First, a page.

Hurricane Irma may have devastated the Florida Keys, but the dedicated staff and volunteers behind the region’s SPCA shelter are determined not to let it define them. The shelter was flooded, the roof was left in pieces, and fencing was mangled as a result of the monster storm. The heroes at this shelter prepared for the worst and were able to find enough fosters ahead of time to house and protect their animals during the storm! Fortunately, all animals and workers are safe. Now it’s time to rebuild, and 20% of the purchase price of this mug will go to help to rebuild the shelter. Your favorite dog mom can know that her new favorite coffee mug helped save the lives of future rescue animals in the Florida Keys.
While most shelters and rescues cannot determine a dog's exact breed, some facilities may utilize DNA tests to determine the genetics of a mixed breed dog, and AKC registered Labs may be surrendered to a shelter. Even with proof that a dog's heritage includes Labrador Retrievers—and though the dog may show the physical characteristics of the breed—the individual dogs' personality traits may differ from the breed standard.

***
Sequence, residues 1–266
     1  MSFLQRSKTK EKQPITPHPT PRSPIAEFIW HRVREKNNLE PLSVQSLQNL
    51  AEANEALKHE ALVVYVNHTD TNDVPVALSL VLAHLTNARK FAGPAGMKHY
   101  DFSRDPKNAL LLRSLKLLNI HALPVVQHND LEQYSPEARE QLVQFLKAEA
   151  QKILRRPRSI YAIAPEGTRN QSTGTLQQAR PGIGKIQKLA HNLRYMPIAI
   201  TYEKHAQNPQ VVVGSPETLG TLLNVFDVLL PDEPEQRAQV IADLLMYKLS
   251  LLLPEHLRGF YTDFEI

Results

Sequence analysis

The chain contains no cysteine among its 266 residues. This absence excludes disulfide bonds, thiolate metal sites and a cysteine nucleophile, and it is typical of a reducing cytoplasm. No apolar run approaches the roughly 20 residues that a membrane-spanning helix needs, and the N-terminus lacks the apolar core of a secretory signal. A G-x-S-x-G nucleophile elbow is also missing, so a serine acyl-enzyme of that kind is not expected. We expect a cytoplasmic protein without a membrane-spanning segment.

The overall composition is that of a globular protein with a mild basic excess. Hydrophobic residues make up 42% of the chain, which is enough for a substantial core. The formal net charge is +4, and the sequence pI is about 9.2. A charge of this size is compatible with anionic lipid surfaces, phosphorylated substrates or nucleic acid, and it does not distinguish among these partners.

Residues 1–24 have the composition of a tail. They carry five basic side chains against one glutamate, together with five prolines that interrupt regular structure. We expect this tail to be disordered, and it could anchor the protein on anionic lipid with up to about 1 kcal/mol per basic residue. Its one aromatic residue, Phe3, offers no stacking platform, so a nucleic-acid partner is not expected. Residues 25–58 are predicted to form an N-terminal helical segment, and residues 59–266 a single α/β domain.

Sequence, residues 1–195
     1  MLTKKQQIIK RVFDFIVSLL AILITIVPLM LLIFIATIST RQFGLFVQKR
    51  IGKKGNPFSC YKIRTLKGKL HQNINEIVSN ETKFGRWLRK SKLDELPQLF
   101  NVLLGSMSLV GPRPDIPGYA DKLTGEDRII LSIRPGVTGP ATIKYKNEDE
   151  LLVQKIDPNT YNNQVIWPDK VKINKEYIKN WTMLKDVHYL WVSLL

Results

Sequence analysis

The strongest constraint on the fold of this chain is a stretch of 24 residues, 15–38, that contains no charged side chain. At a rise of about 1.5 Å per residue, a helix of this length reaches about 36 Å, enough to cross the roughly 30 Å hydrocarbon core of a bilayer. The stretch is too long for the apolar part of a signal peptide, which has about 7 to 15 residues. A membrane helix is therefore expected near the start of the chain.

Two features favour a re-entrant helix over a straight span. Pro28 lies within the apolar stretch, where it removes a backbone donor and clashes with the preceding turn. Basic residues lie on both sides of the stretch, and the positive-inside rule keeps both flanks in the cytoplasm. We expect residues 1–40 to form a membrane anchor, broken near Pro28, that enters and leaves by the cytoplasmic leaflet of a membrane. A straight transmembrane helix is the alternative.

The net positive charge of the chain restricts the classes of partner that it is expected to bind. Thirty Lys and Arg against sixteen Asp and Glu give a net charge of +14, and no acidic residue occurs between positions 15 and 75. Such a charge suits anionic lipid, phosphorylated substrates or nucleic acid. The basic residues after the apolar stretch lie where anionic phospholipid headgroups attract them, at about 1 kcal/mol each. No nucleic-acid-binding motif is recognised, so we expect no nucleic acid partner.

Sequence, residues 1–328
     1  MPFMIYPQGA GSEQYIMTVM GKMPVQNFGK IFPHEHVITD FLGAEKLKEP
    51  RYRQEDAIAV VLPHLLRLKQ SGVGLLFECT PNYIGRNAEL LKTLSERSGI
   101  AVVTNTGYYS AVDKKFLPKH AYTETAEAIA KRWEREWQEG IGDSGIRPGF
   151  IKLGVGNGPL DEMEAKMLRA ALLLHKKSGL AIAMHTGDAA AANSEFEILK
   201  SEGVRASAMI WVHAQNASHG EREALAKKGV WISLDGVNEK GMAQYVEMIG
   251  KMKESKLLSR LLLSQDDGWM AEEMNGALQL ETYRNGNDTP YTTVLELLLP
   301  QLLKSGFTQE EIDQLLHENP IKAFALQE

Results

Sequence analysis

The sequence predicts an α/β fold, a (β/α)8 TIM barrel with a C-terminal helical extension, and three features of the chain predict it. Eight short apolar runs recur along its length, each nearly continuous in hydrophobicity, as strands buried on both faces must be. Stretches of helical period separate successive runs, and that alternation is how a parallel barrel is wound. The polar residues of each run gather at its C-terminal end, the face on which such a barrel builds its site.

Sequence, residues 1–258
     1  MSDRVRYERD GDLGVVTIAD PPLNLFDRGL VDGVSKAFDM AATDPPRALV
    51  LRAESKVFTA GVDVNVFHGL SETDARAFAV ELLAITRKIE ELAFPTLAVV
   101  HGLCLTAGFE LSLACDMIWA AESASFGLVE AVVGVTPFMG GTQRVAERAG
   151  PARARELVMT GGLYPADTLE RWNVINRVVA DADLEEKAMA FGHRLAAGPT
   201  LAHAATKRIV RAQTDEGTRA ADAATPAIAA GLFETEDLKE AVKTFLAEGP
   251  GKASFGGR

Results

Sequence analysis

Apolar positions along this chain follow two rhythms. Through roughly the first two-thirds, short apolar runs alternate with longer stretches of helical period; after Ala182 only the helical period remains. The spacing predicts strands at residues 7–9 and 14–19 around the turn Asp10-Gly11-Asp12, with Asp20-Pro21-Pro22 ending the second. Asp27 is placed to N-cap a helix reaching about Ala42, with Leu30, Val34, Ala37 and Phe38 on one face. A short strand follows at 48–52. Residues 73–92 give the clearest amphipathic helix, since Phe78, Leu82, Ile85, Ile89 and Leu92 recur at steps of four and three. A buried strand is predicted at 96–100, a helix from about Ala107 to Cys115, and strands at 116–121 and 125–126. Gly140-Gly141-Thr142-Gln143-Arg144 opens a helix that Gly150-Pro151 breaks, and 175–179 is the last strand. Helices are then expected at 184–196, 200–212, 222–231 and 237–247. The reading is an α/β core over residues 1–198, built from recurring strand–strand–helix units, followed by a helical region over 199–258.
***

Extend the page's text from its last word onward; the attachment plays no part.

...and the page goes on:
In the 1830s, the 10th Earl of Home and his nephews the 5th Duke of Buccleuch and Lord John Scott,[13][14] had imported progenitors of the breed from Newfoundland to Europe for use as gundogs. Another early advocate of these Newfoundland dogs, or Labrador Retrievers as they later became known, was the 2nd Earl of Malmesbury who bred them for their expertise in waterfowling.[13][14]
My name is Tin Top and I am a truly amazing dog! My life kind of is like one of those country songs that starts out sad and then ends up happy. My sad start was being found on a rural rode with a gunshot wound in my shoulder. It shattered my front leg, so the amazing vet and his team had to remove it. But then they worked with me and helped me learn to walk on three legs. Cool huh? Soon a foster for DFW Lab Rescue came and took me to his home. I get lots of food (I was very, very, skinny), a nice warm cozy bed and tons of love from my foster parents. There are two foster lab brothers that I like but I am not really into playing with them.